After a year of testing Canadian demand for natural gas export service, Alliance Pipeline Ltd. has presented a C$2 billion ($1.6 billion) proposal for a 25% capacity increase.
The plan calls for raising deliveries to 2 Bcf/d from 1.6 Bcf/d by compressor additions to the 3,848-kilometer (2,291-mile) bullet line to Chicago from northern British Columbia (BC) and Alberta.
A two-month open-season of binding delivery contracts, closing May 30, is expected to put finishing touches on the package.
While Canadian exports dominate Alliance traffic, the offer includes added service on an U.S. inlet for North Dakota production.
"Strong customer demand is the driver for this initiative,” said Alliance Vice President Dan Sutherland. “Existing firm capacity on our system is fully subscribed, and interruptible capacity is at a premium."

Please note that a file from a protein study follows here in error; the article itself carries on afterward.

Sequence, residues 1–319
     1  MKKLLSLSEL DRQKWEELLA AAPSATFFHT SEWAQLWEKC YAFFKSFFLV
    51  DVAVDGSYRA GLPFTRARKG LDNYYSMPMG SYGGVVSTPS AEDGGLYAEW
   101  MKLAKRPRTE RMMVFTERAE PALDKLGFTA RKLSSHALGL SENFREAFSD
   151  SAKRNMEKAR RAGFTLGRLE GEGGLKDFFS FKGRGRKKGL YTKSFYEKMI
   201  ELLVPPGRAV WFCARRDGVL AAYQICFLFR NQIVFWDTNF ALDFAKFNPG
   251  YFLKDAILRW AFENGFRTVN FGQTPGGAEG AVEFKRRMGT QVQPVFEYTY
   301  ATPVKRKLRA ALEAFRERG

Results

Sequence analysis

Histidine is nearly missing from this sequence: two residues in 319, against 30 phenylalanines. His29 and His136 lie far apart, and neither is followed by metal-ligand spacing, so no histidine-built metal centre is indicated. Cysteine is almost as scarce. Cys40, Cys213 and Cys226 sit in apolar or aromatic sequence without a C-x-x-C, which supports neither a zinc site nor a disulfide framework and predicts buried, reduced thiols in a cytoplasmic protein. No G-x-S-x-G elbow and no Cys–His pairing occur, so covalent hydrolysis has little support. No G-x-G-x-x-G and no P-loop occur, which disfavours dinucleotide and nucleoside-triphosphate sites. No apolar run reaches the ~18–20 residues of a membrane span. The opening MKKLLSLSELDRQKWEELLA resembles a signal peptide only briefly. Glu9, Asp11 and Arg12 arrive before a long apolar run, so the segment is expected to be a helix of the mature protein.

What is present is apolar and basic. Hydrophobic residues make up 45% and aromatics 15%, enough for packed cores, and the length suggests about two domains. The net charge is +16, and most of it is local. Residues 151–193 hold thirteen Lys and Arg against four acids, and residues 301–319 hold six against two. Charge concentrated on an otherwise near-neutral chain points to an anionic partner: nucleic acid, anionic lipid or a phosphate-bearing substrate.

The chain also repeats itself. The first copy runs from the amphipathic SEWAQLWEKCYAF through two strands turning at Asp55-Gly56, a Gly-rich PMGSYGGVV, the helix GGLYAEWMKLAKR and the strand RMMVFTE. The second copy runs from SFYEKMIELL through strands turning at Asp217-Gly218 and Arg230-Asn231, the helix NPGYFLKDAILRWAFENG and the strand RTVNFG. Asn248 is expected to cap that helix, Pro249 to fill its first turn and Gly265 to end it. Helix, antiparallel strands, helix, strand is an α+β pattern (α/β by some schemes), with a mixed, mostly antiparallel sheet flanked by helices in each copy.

Unlike older rival TransCanada Corp.’s half-empty Mainline, Alliance has stayed full since its completion in 2000 by offering a special service: extra high-pressure delivery of rich gas including premium-priced liquid byproducts in vapor form.
Alliance traverses the liquids-rich Montney and Duvernay formations in BC and Alberta. Unlike dry gas, Canadian byproduct exports stand out as a growth item. The National Energy Board (NEB) reported that sales revenues for propane and butane alone doubled to C$2.4 billion last year from C$1.2 billion in 2016.
Alliance predicted its expansion could be in service as of 4Q2021. The project emerged from a canvass of industry demand since March 2017, as a request for nonbinding expressions of interest. The binding service contract offer calls for 15-year commitments.